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Chapel of Nossa Senhora do Pé da Cruz (Our Lady of the Foot of the Cross) At the top of the street stands the Chapel of Nossa Senhora do Pé da Cruz (5) (Our Lady of the Foot of the Cross), a 17th century temple consisting of a chancel and a rectangular nave. Inside, patterned 17th century tiles and 18th century image of Our Lady inserted in rococo altarpiece. Associated with this chapel and deserving particular attention the traditional Pine-Cone Festival, an old muleteer's party held annually on 1st and 2nd May in honor of Nossa Senhora do Pé da Cruz. It's an equestrian pilgrimage that involves the parish's population attracting thousands visitors.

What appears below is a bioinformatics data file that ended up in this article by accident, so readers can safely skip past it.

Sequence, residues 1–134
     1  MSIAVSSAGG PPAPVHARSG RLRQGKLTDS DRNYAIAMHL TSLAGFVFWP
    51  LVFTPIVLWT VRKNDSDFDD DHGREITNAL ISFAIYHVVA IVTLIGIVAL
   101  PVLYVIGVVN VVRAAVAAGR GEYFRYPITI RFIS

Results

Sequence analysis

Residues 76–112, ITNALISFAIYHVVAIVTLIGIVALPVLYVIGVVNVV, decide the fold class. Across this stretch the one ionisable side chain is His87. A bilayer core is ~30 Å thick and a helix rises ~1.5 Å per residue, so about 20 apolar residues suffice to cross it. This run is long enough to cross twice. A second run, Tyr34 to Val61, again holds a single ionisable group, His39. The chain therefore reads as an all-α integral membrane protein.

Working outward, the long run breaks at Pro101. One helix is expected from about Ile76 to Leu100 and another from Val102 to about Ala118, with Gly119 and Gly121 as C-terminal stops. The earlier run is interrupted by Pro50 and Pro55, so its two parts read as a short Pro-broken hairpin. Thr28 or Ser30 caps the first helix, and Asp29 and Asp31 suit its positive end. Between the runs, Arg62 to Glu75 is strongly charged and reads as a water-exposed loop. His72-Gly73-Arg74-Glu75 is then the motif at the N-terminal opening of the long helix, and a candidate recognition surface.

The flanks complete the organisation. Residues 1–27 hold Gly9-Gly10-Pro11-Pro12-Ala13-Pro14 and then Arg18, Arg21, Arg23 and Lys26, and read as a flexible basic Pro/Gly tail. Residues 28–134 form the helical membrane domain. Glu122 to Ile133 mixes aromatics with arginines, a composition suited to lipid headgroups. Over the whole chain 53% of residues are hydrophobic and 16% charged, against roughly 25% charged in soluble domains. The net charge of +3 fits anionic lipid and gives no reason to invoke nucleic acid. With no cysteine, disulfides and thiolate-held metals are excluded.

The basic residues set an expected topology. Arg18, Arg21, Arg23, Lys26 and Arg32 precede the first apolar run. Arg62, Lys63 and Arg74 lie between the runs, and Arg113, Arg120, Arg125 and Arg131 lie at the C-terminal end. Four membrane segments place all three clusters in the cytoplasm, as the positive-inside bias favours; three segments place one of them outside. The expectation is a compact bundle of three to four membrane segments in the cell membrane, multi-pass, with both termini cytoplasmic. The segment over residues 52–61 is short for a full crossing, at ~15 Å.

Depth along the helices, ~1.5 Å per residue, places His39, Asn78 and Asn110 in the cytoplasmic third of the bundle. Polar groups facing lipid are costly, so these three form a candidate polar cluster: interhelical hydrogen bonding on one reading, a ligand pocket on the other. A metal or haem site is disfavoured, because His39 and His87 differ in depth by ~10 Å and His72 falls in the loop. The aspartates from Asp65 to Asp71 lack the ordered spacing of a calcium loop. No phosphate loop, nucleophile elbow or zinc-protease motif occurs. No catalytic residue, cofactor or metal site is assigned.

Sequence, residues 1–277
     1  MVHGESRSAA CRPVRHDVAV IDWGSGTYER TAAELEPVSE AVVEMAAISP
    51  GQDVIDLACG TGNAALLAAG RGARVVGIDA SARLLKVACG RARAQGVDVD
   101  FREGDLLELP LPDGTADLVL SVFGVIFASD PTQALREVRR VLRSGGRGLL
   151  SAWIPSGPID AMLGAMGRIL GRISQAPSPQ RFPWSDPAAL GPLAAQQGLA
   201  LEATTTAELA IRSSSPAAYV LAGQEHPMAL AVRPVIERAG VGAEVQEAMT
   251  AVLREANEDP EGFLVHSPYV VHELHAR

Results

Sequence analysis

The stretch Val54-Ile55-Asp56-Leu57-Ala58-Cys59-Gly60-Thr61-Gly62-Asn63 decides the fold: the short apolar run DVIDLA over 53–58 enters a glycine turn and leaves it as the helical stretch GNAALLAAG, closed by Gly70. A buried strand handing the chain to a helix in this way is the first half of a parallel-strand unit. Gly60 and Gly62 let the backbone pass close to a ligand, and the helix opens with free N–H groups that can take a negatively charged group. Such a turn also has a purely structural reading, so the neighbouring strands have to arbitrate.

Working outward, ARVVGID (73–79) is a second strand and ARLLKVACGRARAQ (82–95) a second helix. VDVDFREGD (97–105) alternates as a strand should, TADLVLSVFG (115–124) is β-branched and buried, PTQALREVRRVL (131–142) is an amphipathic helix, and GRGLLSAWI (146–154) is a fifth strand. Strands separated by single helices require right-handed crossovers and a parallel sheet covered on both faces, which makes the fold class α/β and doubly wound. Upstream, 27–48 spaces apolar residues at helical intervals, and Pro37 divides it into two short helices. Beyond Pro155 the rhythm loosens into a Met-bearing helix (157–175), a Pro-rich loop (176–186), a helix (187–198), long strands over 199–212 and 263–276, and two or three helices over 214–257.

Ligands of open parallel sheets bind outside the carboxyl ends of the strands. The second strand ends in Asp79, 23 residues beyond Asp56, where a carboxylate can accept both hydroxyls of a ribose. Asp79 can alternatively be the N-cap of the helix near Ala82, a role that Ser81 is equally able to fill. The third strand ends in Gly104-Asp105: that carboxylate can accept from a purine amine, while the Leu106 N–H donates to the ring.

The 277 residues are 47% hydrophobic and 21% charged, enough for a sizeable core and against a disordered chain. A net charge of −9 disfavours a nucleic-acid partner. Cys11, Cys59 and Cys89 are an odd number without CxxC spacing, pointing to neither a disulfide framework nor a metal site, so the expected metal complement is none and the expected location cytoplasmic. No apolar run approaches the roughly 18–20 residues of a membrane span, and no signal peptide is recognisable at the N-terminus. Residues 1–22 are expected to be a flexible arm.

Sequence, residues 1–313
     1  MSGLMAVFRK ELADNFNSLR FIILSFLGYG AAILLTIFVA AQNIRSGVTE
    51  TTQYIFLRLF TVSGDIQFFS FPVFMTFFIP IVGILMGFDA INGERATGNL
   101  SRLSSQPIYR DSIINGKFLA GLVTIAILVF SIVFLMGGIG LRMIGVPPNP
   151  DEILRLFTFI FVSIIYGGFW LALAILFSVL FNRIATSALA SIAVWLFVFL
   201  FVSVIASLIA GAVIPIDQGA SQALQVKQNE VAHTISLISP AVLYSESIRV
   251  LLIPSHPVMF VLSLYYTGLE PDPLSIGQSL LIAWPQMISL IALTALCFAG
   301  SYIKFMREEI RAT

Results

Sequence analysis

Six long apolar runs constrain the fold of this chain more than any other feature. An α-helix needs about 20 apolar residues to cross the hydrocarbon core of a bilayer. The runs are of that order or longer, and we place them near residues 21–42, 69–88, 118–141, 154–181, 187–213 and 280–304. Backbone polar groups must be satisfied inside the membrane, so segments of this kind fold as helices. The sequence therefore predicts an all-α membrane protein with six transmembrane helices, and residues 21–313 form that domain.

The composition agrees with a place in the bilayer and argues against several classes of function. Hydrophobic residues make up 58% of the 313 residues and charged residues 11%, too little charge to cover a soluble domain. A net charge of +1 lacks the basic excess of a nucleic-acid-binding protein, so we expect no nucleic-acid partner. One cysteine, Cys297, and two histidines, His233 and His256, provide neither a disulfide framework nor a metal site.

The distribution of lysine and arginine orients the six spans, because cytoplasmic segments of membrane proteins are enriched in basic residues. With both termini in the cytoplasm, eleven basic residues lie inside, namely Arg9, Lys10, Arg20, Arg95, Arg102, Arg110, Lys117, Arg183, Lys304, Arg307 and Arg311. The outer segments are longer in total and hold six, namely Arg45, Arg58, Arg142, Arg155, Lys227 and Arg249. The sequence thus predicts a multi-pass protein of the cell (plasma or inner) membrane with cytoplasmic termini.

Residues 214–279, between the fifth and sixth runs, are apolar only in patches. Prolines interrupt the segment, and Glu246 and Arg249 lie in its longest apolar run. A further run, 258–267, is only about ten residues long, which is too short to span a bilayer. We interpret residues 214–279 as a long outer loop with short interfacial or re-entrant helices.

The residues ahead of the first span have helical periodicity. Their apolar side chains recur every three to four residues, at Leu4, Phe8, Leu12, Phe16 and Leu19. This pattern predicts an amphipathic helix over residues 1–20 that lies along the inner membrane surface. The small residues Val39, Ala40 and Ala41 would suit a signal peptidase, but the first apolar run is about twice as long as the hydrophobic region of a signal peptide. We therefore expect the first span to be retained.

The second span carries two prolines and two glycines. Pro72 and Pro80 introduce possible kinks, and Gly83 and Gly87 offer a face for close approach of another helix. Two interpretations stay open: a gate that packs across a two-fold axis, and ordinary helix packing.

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Palace of Estoi Go back down Pé da Cruz street and turn right at São José street (Saint Joseph) towards the Palace of Estoi (6), which represents a unique rococo style in the Algarve and can be integrated in all the best examples of the 2nd half of the 18th century's civil architecture; it was bought in 1987 by the municipality of Faro. In 1977, it was classified by the government as Building of Public Interest. Currently, the Palace is a Pousada from Enatur whose adaptation and expansion were a project by the architect Gonçalo Byrne and the landscape architect João Cerejeiro, being the only Pousada in the Historic and Design segment in the Algarve region. When leaving the Palace turn left and go down the stairway of Horta da Cega (former garden), were the ornamental mass works on the Baroque Portal shouldn't be missed. Go up Presa Street and watch the walkway that connects both parts of Estoi Palace building, along with its ornamental statuary. Ahead lays the old public wash fountain and animal tap stand which were subjected to a recent intervention. Then go back to your right at Furriel João Canal Street and down Barroca Street, both through a winding but pleasant staircase. Halfway along this path stop at nº 30 to read the poem in a wall panel that Jorge de Sena dedicated to a little Roman head found in the Roman Ruins of Estoi. End this journey, by entering Liberdade Square and watching the old communal tank, decorated with a panel featuring the poem "My Village" by Emiliano da Costa. Before you leave, or during the course of your visit, you'll find several terraces where you can have a drink or light meal enjoying this quiet and traditional village, typical of the Algarve Barrocal.